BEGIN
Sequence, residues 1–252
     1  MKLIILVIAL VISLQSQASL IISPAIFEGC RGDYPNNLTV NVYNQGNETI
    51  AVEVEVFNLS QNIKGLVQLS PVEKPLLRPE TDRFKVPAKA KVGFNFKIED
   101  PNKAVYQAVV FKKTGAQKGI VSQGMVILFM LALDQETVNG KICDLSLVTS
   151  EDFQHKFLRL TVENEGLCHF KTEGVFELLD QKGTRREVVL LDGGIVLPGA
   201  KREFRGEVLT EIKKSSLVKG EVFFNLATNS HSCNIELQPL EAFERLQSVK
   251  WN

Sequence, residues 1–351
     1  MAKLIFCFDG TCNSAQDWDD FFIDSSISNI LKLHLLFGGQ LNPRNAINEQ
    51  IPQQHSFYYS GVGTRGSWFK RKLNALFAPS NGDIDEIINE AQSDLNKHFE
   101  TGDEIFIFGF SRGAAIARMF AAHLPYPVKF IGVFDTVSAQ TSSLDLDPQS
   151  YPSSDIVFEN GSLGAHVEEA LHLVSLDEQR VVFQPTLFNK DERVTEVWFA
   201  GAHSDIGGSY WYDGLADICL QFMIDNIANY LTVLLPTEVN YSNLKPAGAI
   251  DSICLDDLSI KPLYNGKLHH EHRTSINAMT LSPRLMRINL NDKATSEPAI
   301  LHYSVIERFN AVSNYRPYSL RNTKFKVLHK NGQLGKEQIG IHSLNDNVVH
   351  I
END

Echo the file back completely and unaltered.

Sequence, residues 1–252
     1  MKLIILVIAL VISLQSQASL IISPAIFEGC RGDYPNNLTV NVYNQGNETI
    51  AVEVEVFNLS QNIKGLVQLS PVEKPLLRPE TDRFKVPAKA KVGFNFKIED
   101  PNKAVYQAVV FKKTGAQKGI VSQGMVILFM LALDQETVNG KICDLSLVTS
   151  EDFQHKFLRL TVENEGLCHF KTEGVFELLD QKGTRREVVL LDGGIVLPGA
   201  KREFRGEVLT EIKKSSLVKG EVFFNLATNS HSCNIELQPL EAFERLQSVK
   251  WN

Sequence, residues 1–351
     1  MAKLIFCFDG TCNSAQDWDD FFIDSSISNI LKLHLLFGGQ LNPRNAINEQ
    51  IPQQHSFYYS GVGTRGSWFK RKLNALFAPS NGDIDEIINE AQSDLNKHFE
   101  TGDEIFIFGF SRGAAIARMF AAHLPYPVKF IGVFDTVSAQ TSSLDLDPQS
   151  YPSSDIVFEN GSLGAHVEEA LHLVSLDEQR VVFQPTLFNK DERVTEVWFA
   201  GAHSDIGGSY WYDGLADICL QFMIDNIANY LTVLLPTEVN YSNLKPAGAI
   251  DSICLDDLSI KPLYNGKLHH EHRTSINAMT LSPRLMRINL NDKATSEPAI
   301  LHYSVIERFN AVSNYRPYSL RNTKFKVLHK NGQLGKEQIG IHSLNDNVVH
   351  I